More than 30 T cell-redirecting bsAbs (T-bsAbs) have entered clinical development (28), but only one is presently in clinical use: blinatumomab, an anti-CD19 BiTE, for the treatment of relapsed/refractory B-ALL (29) and minimal residual disease-positive B-ALL (30). Despite the impressive responses observed with blinatumomab (31, 32), significant challenges still hamper the clinical application of BiTEs and similar bsAb formats. Off-target toxicities (mainly CRS and neurotoxicity), due to the expression of the targeted TAA on non-tumor cells, is a major concern for patients treated with systemically administered BiTEs (33). In addition, the short serum half-life of small-sized T-bsAbs requires continuous intravenous administration at a constant flow rate using infusion pumps (34). Another concern regarding the use of T-bsAbs is the lack of co-stimulatory signaling capacity. However, the ability of BiTEs to induce potent T cell cytotoxicity in the absence of co-stimulation has been well-documented (35). Although the reasons for this “co-stimulation independence” are not clear, it may result from the ability of Fc-less T-bsAbs to induce the formation of conventional mature immunological synapses (ISs) between T cells and tumor cells (36, 37).
Next-Generation T Cell-Redirecting Strategies
As previously described, both CAR-T cells and systemically infused T-bsAbs have shown encouraging clinical responses but still must overcome important hurdles. In an attempt to combine the strengths of both therapies a novel strategy based on the endogenous secretion of T-bsAbs (STAb) is being developed. We have previously classified STAb strategies as “on-tumor” and “off-tumor” depending on whether the T-bsAbs are secreted in the tumoral or peritumoral environment or from tumor-distant locations, respectively (10). The in vivo production of small-sized T-bsAbs by genetically modified T cells could result in effective and persistent concentrations of antibodies, compensating for their short-serum half-life (10). Moreover, this approach might circumvent problems of tumor penetration and systemic toxicity, due to tumor trafficking of adoptively transferred T cells and subsequent intratumoral secretion of T-bsAbs (Table 1) (10). In addition, in vivo secretion avoids potential concerns regarding the formulation and long-term storage of bsAb therapeutics, preventing aggregation and deterioration (10, 38). Finally, in the STAb-T strategy, and in contrast with CAR-T therapy, T cell recruitment is not restricted to engineered T cells, as T-bsAbs secreted in the tumor may redirect bystander non-engineered infiltrating T cells to tumor cells, leading to a significant boost in anti-tumor T cell responses (Figure 1 and Table 1) (4).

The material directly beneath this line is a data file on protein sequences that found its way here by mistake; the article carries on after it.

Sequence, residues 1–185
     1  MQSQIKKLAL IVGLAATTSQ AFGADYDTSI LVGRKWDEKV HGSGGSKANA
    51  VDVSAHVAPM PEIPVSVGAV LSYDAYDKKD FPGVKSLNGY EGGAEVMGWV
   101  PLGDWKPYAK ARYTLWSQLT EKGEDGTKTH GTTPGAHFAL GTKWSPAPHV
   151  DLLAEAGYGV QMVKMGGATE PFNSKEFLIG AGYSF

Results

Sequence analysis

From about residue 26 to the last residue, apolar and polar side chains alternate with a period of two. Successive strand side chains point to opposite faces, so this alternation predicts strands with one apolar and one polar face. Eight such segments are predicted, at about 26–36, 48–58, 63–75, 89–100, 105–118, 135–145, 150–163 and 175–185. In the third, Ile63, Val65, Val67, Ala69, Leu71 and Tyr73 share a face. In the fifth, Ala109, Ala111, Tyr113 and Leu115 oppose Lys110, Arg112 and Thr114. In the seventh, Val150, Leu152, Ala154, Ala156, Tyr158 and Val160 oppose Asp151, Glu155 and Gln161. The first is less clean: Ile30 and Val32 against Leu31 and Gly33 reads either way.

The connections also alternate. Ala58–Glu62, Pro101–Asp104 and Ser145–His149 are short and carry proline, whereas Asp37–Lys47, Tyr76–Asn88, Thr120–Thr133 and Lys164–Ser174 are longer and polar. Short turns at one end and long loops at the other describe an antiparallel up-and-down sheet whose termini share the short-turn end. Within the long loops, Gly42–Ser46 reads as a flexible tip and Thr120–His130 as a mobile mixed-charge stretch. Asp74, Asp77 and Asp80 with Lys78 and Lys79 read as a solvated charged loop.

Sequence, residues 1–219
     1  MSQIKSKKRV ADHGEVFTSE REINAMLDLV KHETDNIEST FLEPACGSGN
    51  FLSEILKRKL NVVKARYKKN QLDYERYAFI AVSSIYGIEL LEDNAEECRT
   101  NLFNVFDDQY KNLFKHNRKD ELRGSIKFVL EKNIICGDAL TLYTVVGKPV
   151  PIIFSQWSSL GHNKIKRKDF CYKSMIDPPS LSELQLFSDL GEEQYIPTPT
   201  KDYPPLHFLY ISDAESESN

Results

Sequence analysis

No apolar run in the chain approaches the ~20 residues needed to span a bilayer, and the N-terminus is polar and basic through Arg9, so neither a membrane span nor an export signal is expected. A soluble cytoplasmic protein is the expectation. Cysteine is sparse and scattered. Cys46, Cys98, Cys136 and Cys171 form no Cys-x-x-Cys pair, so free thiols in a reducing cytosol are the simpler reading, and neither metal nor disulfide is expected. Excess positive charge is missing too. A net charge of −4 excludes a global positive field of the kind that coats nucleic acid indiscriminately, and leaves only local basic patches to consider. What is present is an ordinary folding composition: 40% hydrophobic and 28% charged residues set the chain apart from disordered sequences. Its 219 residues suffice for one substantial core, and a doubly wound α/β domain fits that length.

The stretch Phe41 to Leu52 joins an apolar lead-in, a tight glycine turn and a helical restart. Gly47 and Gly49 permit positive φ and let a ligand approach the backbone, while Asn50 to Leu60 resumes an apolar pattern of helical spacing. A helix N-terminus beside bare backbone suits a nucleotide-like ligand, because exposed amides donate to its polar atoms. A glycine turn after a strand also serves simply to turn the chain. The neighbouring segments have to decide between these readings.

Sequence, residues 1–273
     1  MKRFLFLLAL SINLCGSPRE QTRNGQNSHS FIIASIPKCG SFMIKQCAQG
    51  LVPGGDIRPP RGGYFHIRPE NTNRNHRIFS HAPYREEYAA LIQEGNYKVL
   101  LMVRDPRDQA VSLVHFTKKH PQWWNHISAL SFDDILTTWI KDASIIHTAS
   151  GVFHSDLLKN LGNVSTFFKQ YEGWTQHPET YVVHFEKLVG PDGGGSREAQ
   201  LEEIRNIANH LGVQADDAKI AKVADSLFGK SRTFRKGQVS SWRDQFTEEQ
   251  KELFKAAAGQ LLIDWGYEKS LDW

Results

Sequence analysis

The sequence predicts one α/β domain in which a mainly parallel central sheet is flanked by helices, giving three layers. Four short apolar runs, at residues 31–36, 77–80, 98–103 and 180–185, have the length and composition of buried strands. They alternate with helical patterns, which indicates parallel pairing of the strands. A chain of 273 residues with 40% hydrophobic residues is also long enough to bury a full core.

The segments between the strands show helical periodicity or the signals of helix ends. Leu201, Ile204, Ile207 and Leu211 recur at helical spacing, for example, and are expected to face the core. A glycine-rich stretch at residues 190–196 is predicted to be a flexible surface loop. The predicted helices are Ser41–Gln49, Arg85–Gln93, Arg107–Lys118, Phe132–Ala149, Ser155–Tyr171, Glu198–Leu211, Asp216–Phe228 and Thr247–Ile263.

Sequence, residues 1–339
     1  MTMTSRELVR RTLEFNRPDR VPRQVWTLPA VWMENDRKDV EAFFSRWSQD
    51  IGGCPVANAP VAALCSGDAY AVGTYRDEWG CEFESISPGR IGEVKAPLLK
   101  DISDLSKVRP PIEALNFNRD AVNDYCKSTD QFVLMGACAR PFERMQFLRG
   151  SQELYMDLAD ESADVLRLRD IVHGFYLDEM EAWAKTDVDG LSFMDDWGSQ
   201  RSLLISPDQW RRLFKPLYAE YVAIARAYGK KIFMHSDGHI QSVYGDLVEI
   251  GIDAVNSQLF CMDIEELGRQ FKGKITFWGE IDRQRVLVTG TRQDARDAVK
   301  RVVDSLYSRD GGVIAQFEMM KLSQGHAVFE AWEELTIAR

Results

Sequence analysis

The STAb concept is now attracting attention but is not new. In 2003, a study demonstrated that human cells could be engineered to secrete a functionally active anti-CEA x anti-CD3 diabody, with ability to redirect T cell-mediated cytotoxicity against CEA-expressing tumor cells in vitro, and recruit bystander T cells in vivo to delay tumor growth (39). Moreover, anti-CEA x anti-CD3 diabody-secreting primary T cells were generated by lentiviral transduction and such STAb-T cells significantly reduced in vivo tumor growth in human colon cancer xenografts (40). More recently, the ability of an anti-EphA2 BiTE secreted by retrovirally transduced primary T cells demonstrated the ability of STAb-T cells to redirect the cytotoxic activity of non-transduced T cells specifically to EphA2+ cancer cells in vitro and showed potent anti-tumor activity in vivo (41). Likewise, systemic infusion of retrovirally transduced T cells secreting an anti-CD19 BiTE induced tumor regression of leukemia and lymphoma in preclinical models (42). Another study reported that STAb-T cells secreting an anti-CD123 BiTE redirected bystander T cell cytotoxicity against CD123+ acute myelod leukemia (AML) cells and induced regression of AML in xenograft models (43). Interestingly, efficient STAb-T cells have been generated not only using viral vectors, but also by RNA-transfection. In this regard, anti-CD19 STAb-T cells generated by electroporation of a messenger RNA encoding an anti-CD19 BiTE showed superior anti-tumor activities compared with RNA anti-CD19 CAR-T cells, achieving complete remission in a leukemia mouse model (44). It has been demonstrated that in situ secreted anti-CD19 BiTEs are loaded onto the T cell surface (42, 44). Therefore, it is tempting to speculate that the “arming of the CD3 complex” by in vivo secreted BiTEs in the peritumoral environment, could provide a significant therapeutic advantage over systemically administered BiTEs (e.g., blinatumomab).